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Powell trustees to write comprehensive school safety plan and postpone gun policy

By Tessa Baker, Powell Tribune, Via Wyoming News Exchange

POWELL — The school board in Powell has decided to work on a safety and security plan for now and postpone taking up a proposal to start drafting a policy that would allow trained staff to carry concealed weapons.

“For me, it just seems like adopting a concealed carry policy is taking the district from Step A to Step Z without ever considering everything in between,” Park County School District No. 1 Board Chairman Greg Borcher said. The board, which had been scheduled to decide April 11 on whether to proceed with the concealed weapons policy, voted unanimously to pursue a comprehensive safety plan. Borcher said the plan will focus on “five pillars of school safety.”

He said it’s not a Second Amendment issue, but a school safety issue. “I think what we’ve heard most is people want to keep kids safe,” Borcher said. “We just vary on how we think kids might be safe in school.”

In a second motion, the board voted to hire an outside firm to conduct a safety and security audit of the school district within the next calendar year.

“This gives us time and the ability to examine everything in the middle and see what we should be doing, instead of just peer pressure or whatever that we have to do this now,” Borcher said.

Using recommendations and findings from the audit, the district will look at how to increase safety of students, staff and facilities, “up to and including the potential for arming staff through a responsible concealed carry policy,” according to the motion.

Trustee Don Hansen said the board’s decision leaves options open. “…It leaves it up to this board here to decide with more information, and that’s what I like, because right now, I don’t think anybody here has enough information to make a good decision,” Hansen said.

After Wyoming lawmakers cleared staff to carry concealed weapons in schools, Powell and other districts around the state have spent months talking about whether to arm staff. Trustees in Cody were scheduled to take a final vote this week on a concealed carry policy.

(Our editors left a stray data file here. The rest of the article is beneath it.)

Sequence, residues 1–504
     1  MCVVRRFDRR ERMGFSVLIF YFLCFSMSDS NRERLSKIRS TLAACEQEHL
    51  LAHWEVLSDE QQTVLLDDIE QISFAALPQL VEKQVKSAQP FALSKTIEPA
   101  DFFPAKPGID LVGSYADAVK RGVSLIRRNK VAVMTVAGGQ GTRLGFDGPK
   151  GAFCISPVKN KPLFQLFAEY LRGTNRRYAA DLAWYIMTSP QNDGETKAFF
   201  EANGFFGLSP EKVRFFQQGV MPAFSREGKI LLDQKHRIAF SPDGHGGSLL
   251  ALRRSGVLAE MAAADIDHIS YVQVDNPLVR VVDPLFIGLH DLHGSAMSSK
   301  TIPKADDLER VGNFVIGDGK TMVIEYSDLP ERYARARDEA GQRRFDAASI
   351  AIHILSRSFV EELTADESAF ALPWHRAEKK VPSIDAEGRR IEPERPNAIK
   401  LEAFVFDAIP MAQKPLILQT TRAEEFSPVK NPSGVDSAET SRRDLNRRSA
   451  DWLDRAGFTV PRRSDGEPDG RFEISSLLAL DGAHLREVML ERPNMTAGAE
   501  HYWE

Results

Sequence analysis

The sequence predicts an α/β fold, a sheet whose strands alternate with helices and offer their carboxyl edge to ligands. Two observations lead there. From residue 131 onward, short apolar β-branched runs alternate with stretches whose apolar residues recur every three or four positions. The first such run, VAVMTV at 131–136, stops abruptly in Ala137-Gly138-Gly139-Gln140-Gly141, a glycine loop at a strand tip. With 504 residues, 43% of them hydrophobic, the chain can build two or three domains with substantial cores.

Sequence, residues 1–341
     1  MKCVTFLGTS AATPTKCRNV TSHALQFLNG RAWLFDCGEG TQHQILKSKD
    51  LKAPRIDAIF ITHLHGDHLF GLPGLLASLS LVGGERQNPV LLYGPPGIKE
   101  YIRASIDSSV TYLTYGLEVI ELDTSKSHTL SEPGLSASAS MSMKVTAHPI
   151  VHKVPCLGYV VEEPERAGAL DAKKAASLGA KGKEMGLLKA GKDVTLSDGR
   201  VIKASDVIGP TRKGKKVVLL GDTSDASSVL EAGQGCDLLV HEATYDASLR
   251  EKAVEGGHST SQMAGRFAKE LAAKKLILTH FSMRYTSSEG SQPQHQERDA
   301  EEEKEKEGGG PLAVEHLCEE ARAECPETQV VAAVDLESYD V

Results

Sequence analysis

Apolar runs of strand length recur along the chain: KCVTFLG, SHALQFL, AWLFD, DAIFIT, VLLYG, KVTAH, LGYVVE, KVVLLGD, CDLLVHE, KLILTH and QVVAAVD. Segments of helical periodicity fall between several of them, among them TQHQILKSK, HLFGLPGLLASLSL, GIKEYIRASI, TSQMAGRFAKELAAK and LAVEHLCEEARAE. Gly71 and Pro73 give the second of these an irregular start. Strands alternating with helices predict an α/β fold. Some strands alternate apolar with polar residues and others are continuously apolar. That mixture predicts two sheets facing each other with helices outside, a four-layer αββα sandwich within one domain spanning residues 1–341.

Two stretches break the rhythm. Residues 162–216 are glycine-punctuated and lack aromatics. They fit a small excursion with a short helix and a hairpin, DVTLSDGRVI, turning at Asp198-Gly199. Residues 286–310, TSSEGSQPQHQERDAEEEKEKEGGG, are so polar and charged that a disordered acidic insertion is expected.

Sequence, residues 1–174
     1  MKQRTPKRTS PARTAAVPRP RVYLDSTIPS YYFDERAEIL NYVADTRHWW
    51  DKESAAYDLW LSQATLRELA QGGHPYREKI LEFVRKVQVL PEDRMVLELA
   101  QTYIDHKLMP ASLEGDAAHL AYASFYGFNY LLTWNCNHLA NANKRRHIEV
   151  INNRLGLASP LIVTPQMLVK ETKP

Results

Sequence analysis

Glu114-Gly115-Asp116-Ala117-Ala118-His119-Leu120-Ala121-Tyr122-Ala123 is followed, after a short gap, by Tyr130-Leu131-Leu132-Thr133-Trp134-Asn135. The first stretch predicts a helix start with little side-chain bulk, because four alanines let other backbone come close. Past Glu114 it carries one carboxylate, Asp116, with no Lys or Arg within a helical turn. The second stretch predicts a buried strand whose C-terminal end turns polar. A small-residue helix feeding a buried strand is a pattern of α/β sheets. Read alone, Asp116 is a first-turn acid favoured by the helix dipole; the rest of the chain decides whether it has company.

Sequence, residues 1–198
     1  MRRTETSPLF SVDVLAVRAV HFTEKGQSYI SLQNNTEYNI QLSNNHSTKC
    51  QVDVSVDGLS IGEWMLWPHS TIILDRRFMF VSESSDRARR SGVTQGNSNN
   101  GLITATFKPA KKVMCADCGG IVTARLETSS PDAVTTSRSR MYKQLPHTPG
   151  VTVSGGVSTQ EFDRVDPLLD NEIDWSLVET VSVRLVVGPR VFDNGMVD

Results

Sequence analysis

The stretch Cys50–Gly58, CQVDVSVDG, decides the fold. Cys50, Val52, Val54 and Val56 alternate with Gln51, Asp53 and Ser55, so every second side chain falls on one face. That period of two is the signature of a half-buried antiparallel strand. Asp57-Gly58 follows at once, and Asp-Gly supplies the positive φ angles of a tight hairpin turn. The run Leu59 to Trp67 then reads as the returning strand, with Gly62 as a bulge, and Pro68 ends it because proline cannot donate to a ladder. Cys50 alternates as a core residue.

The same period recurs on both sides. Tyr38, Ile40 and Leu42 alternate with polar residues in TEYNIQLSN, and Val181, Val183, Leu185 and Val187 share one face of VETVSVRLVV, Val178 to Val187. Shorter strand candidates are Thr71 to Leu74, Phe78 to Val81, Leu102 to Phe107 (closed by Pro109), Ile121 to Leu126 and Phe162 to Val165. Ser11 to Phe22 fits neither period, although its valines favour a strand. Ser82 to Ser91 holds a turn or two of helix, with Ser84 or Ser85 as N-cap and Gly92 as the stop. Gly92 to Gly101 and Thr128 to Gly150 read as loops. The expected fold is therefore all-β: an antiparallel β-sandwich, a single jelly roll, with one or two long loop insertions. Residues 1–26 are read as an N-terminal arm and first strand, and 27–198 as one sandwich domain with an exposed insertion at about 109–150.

Following a February school shooting in Florida, stores about school safety, firearms and student-led protests dominated national headlines.

 “Since our discussion has come at a time when there’s lots of news on this issue, I was concerned that we would be reactive and that putting a concealed carry policy in at this time would be more reactive and broadly proactive,” Trustee Kimberly Condie said.

She feels Powell school leaders should look at students’ well-being more broadly, continue the safety/security measures already in place and consider “what are the real dangers facing our children, what are the most likely scenarios.”

Condie added that you cannot say a school shooting could never happen in Powell, “but what are the most likely dangers facing our children right now?” she asked. “Let’s see what we can do.”

Several school board members called it a complex issue that will take time.

“The safety of our kids is just much more than talking about guns in schools,” said Trace Paul. “It goes way beyond that particular topic, and I think we’ve got to take that into consideration

The school board directed Superintendent Jay Curtis to create a safety and security plan that includes “five pillars of safety”:

·         Building safety, access and protocol

·         Employee and student training

·         Social/emotional and mental health

·         Emergency preparedness and crisis management

·         Interagency agreements and coordination

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